Friday, April 17, 2015

Book Review: Red Queen

Title: Red Queen
Author: Victoria Aveyard
Genre: Young Adult // Dystopia // Fantasy // Magic
Publisher: Orion
Publication Date: February 10, 2015
Format: Physical
Source:  Purchased (B&N)

The poverty stricken Reds are commoners, living under the rule of the Silvers, elite warriors with god-like powers.
To Mare Barrow, a 17-year-old Red girl from The Stilts, it looks like nothing will ever change.
Mare finds herself working in the Silver Palace, at the centre ofthose she hates the most. She quickly discovers that, despite her red blood, she possesses a deadly power of her own. One that threatens to destroy Silver control.
But power is a dangerous game. And in this world divided by blood, who will win (goodreads)?

With Red Queen, there is not good and evil, just shades of gray.

Plot: There are a lot of  marketing tools that compare this novel to a plethora of other YA books. In my opinion, Red Queen is more like The Selection meets Hunger Games. I say The Selection because the kingdom's highest families compete to have their daughter become the crown prince's betrothed. The only catch is that they all have magical powers. Strongarms, nymphs, if you saw it on X-Men, you'll most likely see it in Red Queen. When Mare is found to have powers she shouldn't, she is thrown into this political world of betrayal and manipulation. I would have really enjoyed this book if it could focus on one plot line. In the synopsis, we see that Mare has to deal with being ~different~, hiding in plain sight in a city full of Silvers, taking part in a secret revolution and as this is YA, there has to be some romantic element. That is a lot going on for 300 pages, and because of that I felt that I was flitting from conflict to conflict. The beginning held my attention as did the ending, but I probably couldn't tell you what happened in the middle.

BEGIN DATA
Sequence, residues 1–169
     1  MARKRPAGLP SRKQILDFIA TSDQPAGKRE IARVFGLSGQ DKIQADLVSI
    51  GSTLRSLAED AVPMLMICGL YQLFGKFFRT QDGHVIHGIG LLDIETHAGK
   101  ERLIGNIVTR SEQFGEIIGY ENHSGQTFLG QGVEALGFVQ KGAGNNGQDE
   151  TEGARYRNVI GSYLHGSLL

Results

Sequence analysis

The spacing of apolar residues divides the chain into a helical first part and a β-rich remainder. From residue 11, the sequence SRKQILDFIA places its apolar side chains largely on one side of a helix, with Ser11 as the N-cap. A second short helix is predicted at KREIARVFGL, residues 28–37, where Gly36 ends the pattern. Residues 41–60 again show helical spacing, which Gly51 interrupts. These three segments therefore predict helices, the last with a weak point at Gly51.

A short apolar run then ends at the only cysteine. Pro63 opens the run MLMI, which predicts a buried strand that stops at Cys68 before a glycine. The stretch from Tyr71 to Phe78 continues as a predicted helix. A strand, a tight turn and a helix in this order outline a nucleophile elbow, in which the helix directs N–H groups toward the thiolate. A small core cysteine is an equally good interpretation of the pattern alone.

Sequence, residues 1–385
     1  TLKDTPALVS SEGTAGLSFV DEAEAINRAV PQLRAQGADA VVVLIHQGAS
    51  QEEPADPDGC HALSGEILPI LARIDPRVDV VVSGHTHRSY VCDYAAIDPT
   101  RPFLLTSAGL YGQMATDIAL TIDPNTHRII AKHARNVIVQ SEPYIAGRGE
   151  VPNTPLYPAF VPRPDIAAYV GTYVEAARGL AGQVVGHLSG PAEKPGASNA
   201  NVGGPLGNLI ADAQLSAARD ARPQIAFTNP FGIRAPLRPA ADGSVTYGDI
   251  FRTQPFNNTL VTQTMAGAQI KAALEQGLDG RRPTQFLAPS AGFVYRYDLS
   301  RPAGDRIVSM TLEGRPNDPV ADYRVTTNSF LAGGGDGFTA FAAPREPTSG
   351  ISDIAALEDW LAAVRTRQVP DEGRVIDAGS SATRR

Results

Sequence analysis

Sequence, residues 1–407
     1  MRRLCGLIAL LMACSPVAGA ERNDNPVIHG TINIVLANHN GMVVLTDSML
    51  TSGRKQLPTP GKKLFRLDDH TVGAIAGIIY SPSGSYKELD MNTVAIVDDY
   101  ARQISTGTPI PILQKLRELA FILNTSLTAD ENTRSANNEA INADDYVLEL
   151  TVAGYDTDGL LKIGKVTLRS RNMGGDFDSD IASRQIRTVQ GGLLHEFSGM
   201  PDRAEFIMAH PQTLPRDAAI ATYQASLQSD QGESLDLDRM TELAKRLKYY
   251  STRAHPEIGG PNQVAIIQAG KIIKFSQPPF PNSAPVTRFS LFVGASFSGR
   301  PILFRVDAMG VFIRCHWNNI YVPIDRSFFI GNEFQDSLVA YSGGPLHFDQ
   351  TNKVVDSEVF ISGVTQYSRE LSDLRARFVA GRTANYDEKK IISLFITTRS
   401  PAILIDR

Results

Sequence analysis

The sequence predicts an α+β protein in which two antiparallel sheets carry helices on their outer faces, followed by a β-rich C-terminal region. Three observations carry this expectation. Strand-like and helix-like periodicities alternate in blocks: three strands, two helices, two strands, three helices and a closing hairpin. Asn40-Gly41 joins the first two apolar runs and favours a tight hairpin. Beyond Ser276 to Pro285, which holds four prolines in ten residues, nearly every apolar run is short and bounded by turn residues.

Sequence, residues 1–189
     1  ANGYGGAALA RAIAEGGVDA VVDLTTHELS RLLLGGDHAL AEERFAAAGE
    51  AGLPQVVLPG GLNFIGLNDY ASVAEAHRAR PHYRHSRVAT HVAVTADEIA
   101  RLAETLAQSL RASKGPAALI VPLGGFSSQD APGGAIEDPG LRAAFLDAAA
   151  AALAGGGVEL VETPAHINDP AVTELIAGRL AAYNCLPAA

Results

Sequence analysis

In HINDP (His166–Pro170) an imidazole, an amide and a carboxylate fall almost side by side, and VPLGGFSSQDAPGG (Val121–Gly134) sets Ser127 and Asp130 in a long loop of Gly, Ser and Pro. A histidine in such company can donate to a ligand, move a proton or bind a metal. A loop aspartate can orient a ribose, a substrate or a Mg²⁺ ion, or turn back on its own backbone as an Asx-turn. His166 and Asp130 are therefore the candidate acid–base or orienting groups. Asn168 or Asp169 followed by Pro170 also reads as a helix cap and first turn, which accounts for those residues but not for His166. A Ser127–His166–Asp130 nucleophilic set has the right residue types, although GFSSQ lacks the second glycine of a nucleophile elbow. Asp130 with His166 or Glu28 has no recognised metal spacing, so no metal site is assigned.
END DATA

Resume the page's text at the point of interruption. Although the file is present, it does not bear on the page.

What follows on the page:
Characters: From chapter one I knew that I liked Mare. She's aware that she lives in world where she is always at a disadvantage and she is strong. She pickpockets to help her family survive, she knows how to stand up for herself and she has a strong sense of family value. I was a bit disappointed that she seemed to lose herself once she joined the ranks of Silvers. I didn't see the same fire in her that I did when she lived in the Red slums. There is a bit of a love triangle which surprisingly didn't bother me. To be fair, I wasn't that invested in the love element of Red Queen, but I did like what direction it took at the end of the novel. 

World Building: I enjoyed the different worlds of The Silvers and The Reds, and even though Red Queen takes place predominately in the castle, I felt that I had a better understanding of the Reds than the Silvers. I would have preferred more history that divided the Silvers and The Reds and more interaction with Silver royal families. 

Short N Sweet: Red Queen is not by any means the perfect novel, but it does have potential to be a fun and fast paced series!


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